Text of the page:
Metis Homes Limited
The Old Barn,
Vicarage Farm Business Park,
Winchester Road, Fair Oak,
SO50 7HD

Customer Care:
01962 893 534

01962 893 545

01962 893 535

Metis Homes Reacts to the Autumn Statement 2022

Metis Homes Reacts to the Autumn Statement 2022

Adam O’Brien, Managing Director of Metis Homes, said: “Given the UK economy is heading for recession, I wasn’t expecting the new Chancellor to deliver a giveaway Autumn Statement, but I am underwhelmed nonetheless. There was no mention of a tangible focus on planning reform, without which there is zero chance of hitting the government’s own housing targets. Without a solid housing market, the economy will continue to suffer.

“The government must give us the ability to obtain planning permissions for well-conceived schemes in a timely fashion. We need a realistic chance of building efficient houses without having to mitigate obscure environmental issues like phosphate, nitrate, and water neutrality, that arrive without warning and come with impossible parameters to grapple with. Some much-needed streamlining will mean more houses get built, which will in the long term make them more affordable.

“In the meantime, a scheme to help people get on the ladder to buy new homes - which are inevitably more energy efficient - may be key. Help to Buy had its critics, but the long-running scheme undeniably helped to strengthen the market and facilitate more home ownership. Is it wise to remove this altogether without some sort of replacement stimulus, at a time when affordability is more challenging than ever?

“Fundamentally, where is the tangible support for the new homes industry, behind all the recent rhetoric about making planning and housebuilding “easier”, “less ugly” and “levelling up”? We have a planning system on its knees and growing regulation - particularly from Natural England - is keeping it down. Local authority planning departments need to become an inviting and lucrative place where people want to work. It’s a cultural shift that’s needed and this cannot happen without funding. Below-inflation pay rises are not going to help to achieve this.”

Mike Burton, Land Director for Metis Homes, said: “Public sector funding not tracking inflation will lead to a real terms reduction in the funding of planning departments, compounding the resourcing issues that they already face, which is one of the key problems with the planning system. It will also likely lead to public sector pay not tracking inflation, further reducing the pay of planning and development management teams, and restricting their homebuying purchasing power. It sets a tone for the wider employer base as well. If businesses follow suit and increase salaries at a below inflation amount, the net position will be a population with less buying power and therefore a lower level of affordability for house purchases.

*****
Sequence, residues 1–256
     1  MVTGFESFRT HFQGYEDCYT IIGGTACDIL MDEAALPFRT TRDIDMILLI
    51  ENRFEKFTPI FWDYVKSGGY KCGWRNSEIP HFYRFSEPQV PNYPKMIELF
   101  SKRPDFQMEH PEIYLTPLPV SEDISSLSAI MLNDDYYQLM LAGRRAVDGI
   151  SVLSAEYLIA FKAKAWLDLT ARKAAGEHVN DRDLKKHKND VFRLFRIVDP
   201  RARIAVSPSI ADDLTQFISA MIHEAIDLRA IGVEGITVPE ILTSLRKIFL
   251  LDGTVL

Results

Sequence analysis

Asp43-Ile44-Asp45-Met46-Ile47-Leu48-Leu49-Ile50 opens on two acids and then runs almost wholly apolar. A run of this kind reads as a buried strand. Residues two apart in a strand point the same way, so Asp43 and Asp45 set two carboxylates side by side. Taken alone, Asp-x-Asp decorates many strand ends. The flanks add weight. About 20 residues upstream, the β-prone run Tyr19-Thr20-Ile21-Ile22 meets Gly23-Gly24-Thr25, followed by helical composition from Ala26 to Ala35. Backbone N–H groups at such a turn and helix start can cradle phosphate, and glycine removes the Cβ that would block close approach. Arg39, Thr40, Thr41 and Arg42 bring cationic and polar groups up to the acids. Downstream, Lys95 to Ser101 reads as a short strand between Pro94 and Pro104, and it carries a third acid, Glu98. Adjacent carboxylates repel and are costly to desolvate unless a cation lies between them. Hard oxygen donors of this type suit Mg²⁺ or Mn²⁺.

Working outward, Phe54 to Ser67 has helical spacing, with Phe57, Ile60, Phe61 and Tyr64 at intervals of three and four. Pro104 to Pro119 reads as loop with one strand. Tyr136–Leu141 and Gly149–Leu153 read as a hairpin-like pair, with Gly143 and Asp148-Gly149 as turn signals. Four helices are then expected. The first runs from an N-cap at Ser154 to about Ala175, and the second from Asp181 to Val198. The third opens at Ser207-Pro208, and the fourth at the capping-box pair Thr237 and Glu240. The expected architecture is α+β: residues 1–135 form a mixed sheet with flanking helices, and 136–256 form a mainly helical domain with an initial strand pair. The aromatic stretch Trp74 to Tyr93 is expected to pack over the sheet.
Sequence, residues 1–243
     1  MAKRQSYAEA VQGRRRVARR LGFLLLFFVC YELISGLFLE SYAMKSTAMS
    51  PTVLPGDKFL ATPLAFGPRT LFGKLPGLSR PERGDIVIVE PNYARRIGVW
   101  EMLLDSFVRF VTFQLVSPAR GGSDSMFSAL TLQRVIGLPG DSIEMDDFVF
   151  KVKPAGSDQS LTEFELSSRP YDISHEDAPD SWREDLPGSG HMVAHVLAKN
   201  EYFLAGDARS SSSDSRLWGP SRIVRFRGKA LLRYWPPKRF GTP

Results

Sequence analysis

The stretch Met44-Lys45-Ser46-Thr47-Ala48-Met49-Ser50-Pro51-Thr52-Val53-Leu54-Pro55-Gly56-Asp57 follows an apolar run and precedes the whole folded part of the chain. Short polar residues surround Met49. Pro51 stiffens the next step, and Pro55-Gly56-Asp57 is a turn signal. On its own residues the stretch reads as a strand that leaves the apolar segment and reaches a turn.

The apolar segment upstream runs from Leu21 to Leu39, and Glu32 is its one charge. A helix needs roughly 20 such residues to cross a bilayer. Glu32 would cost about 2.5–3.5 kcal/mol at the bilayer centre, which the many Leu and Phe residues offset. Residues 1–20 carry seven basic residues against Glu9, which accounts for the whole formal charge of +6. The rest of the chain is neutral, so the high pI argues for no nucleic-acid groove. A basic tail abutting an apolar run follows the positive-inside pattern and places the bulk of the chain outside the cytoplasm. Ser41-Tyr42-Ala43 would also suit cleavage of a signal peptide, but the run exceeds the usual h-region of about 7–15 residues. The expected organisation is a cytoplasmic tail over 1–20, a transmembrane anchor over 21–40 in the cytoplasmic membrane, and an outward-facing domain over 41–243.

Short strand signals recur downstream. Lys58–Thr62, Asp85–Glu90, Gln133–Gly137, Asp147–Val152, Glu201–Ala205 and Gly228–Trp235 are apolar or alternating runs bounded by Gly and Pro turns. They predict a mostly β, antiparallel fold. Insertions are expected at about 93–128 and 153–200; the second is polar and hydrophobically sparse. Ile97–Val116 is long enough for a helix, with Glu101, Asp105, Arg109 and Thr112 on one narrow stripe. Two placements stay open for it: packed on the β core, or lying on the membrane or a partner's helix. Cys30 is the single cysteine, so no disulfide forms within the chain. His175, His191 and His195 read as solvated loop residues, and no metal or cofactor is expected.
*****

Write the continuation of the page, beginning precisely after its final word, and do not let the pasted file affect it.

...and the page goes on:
“Meanwhile, not raising income tax thresholds and lowering the top level will affect affordability and buying power for the whole working population. More people will be dragged into higher tax brackets, which will result in less net income in real terms, negatively impacting the ability to secure and pay down an affordable mortgage.

“Raising corporation tax to 25% will impact SME housebuilders, who often live hand to mouth and cannot weather increased tax costs in a period of choppy waters. We face an uncertain economic outlook, numerous pressures on profitability – including the prospect of decreasing house prices and increasing costs, plus significant delays, due to public sector inefficiency – meaning that we must look to protect what is left. An increase in taxes feels materially imbalanced and removes the incentive for SME businesses to be entrepreneurial.

“The announcement that the £425,000 Stamp Duty threshold for first time buyers is now temporary until March 2025 is a further retrenchment from the previous administration’s Mini Budget. Whilst it may in the short term provide some motivation for people to buy and not sit tight, it is unlikely to materially stimulate the market in the way that changes to Stamp Duty thresholds did during the Covid-19 pandemic. What it does do is make it more challenging to forecast business performance beyond the Stamp Duty period changing – another nuance that SME housebuilders will have to now change their plans for.”